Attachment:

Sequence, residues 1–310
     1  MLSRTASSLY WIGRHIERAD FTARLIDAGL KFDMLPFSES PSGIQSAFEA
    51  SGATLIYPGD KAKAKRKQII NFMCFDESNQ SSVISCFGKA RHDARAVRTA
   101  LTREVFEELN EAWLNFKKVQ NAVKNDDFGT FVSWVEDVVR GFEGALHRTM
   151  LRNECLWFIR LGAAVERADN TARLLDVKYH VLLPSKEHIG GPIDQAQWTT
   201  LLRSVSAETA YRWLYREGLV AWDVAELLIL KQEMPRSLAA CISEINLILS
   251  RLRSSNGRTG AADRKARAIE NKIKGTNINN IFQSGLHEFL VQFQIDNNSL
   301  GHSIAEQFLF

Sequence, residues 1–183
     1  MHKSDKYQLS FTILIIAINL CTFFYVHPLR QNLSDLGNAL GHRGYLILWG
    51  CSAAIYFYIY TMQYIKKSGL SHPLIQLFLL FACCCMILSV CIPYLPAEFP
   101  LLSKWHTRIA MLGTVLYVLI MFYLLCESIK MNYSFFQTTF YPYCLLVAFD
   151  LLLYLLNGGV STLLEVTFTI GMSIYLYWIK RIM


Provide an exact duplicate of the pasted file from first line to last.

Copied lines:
Sequence, residues 1–310
     1  MLSRTASSLY WIGRHIERAD FTARLIDAGL KFDMLPFSES PSGIQSAFEA
    51  SGATLIYPGD KAKAKRKQII NFMCFDESNQ SSVISCFGKA RHDARAVRTA
   101  LTREVFEELN EAWLNFKKVQ NAVKNDDFGT FVSWVEDVVR GFEGALHRTM
   151  LRNECLWFIR LGAAVERADN TARLLDVKYH VLLPSKEHIG GPIDQAQWTT
   201  LLRSVSAETA YRWLYREGLV AWDVAELLIL KQEMPRSLAA CISEINLILS
   251  RLRSSNGRTG AADRKARAIE NKIKGTNINN IFQSGLHEFL VQFQIDNNSL
   301  GHSIAEQFLF

Sequence, residues 1–183
     1  MHKSDKYQLS FTILIIAINL CTFFYVHPLR QNLSDLGNAL GHRGYLILWG
    51  CSAAIYFYIY TMQYIKKSGL SHPLIQLFLL FACCCMILSV CIPYLPAEFP
   101  LLSKWHTRIA MLGTVLYVLI MFYLLCESIK MNYSFFQTTF YPYCLLVAFD
   151  LLLYLLNGGV STLLEVTFTI GMSIYLYWIK RIM